Pre-submission meetings help remove the guesswork. They can determine testing expectations and applicable standards in the market where you plan to submit. With continuous regulatory updates, these meetings can level-set new expectations mid-stream. They are also a great opportunity to identify any missing information prior to submission.

  • Improve your planning process

Teams that come to these meetings with specific questions can streamline the planning process and quickly identify areas to focus on and potential pitfalls to avoid. Note, the U.S. FDA will not instruct manufacturers on what to do for next steps; instead, its role is to identify gaps and opportunities for development in their existing plans. This can happen in pre-submission meetings but advanced preparation is key to a successful meeting. 

  • Refine your testing strategies

Laboratories cannot adjust study parameters after the fact, so using pre-submission meetings to arm them with the most up-to-date parameters can help smooth your submission process. Testing partners are allowed to attend pre-submission meetings to serve as expert counsel, but it is not required.

4. Can I repurpose the strategy from a recent submission package?

Even if your last submission was only a year ago, your technical file likely requires changes and possibly new testing. Relying on past processes and data often results in unforeseen obstacles and may lead to additional information requests. There are several things you can do to minimize questions from regulators:

  • Engage a testing partner

Testing partners can help you navigate the submission process and identify potential compliance gaps with current regulatory standards. Even if your previous device submissions passed with flying colors, vetting it against the most up-to-date methodologies helps identify any gaps and identify where new test methods or data preparation must change.

  • Anticipate additional information requests

Being realistic and preparing for additional information requests is essential. While it might not be possible to completely eliminate them, planning them into your budget and timeline can help mitigate any delays. Your testing partner can also provide support with responding to additional information requests. 

  • Prepare for future submissions

The regulatory landscape is in constant flux, and regulatory bodies need more information than ever to assess the safety and risks of a device. Keep a log of the requests during each submission process and share the findings among your team. Detailed notes from past submissions and supporting evaluation plans can help set realistic expectations for future projects.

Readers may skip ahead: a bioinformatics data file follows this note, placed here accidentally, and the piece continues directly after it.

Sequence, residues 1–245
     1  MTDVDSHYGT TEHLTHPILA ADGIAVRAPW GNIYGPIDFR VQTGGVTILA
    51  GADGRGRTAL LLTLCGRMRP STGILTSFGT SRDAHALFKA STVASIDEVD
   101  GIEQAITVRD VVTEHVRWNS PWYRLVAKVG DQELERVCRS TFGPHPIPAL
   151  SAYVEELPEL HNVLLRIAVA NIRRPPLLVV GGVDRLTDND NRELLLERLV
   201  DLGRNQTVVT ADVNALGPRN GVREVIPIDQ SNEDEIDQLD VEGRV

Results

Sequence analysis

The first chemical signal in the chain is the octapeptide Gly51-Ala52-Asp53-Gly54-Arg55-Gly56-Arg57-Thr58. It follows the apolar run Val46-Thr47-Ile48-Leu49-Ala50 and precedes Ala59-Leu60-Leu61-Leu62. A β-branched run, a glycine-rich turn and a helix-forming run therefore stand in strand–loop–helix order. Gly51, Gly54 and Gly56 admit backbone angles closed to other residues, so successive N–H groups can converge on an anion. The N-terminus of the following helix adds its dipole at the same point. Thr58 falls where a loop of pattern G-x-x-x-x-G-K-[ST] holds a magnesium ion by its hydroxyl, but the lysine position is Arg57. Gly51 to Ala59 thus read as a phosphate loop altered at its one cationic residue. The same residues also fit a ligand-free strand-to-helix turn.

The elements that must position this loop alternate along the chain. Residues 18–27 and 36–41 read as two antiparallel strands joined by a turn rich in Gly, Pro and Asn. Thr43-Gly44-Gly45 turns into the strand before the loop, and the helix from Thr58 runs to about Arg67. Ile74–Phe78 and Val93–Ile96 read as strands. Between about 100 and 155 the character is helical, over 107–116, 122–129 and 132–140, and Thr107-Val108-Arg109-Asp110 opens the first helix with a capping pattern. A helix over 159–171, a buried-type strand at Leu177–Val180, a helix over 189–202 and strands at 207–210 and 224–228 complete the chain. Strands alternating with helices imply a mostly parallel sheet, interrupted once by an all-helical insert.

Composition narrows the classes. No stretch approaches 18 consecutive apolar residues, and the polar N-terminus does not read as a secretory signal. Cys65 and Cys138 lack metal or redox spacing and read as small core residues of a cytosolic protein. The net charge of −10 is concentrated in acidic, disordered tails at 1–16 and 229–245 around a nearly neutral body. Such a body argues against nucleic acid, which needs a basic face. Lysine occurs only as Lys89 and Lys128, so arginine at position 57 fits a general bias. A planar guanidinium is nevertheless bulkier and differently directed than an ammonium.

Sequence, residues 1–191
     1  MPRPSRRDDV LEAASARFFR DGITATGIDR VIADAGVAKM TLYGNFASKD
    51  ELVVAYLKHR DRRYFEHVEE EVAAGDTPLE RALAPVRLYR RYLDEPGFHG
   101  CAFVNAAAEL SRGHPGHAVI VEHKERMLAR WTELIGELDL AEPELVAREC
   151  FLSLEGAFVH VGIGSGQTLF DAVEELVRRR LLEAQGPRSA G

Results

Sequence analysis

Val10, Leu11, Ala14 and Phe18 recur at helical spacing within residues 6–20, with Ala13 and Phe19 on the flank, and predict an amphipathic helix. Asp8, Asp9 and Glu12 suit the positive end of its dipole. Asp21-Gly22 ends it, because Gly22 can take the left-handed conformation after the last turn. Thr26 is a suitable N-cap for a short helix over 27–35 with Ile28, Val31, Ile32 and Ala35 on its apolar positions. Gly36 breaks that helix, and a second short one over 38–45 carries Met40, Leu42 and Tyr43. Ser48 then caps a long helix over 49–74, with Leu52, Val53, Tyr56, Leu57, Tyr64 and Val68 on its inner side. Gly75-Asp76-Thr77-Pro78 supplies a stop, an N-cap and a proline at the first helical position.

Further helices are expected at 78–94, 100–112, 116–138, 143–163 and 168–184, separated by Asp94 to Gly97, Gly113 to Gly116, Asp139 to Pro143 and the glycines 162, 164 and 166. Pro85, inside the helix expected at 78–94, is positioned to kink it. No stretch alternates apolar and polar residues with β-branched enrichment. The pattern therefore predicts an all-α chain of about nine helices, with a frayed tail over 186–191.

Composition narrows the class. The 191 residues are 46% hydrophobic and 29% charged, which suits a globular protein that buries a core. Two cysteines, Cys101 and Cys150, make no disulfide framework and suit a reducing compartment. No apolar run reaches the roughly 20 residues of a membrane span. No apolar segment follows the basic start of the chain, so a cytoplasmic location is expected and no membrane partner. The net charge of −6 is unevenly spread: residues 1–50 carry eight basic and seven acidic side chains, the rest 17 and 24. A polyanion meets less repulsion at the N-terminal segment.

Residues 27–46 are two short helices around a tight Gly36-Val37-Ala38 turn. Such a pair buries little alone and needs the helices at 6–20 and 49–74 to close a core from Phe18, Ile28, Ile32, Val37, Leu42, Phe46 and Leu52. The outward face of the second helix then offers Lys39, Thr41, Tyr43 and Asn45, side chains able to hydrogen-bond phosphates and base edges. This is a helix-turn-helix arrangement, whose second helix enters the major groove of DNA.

• The bottom line

Your submission’s success depends on your ability to plan properly, manage resources effectively and meet regulator expectations. A laboratory testing partner can walk you through everything you need to know—including whether a pre-submission meeting is needed—to ensure your submission proceeds without difficulty.  

Still have questions? We’re here to help. Reach out to WuXi AppTec Medical Device Testing experts here.


  1. The FDA Group. (2021, February 16) MDR vs. MDD: 13 Key Changes. Retrieved from https://www.thefdagroup.com/blog/mdr-vs-mdd-13-key-changes.
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WuXi AppTec provides a broad portfolio of R&D and manufacturing services that enable companies in the pharmaceutical, biotech and medical device industries worldwide to advance discoveries and deliver groundbreaking treatments to patients. As an innovation-driven and customer-focused company, WuXi AppTec helps our partners improve the productivity of advancing healthcare products through cost-effective and efficient, socially responsible and sustainable solutions. With industry-leading capabilities such as R&D and manufacturing for small molecule drugs, cell and gene therapies, and testing for medical devices, WuXi AppTec’s open-access platform is enabling more than 4,400 collaborators from over 30 countries to improve the health of those in need – and to realize our vision that “every drug can be made and every disease can be treated.”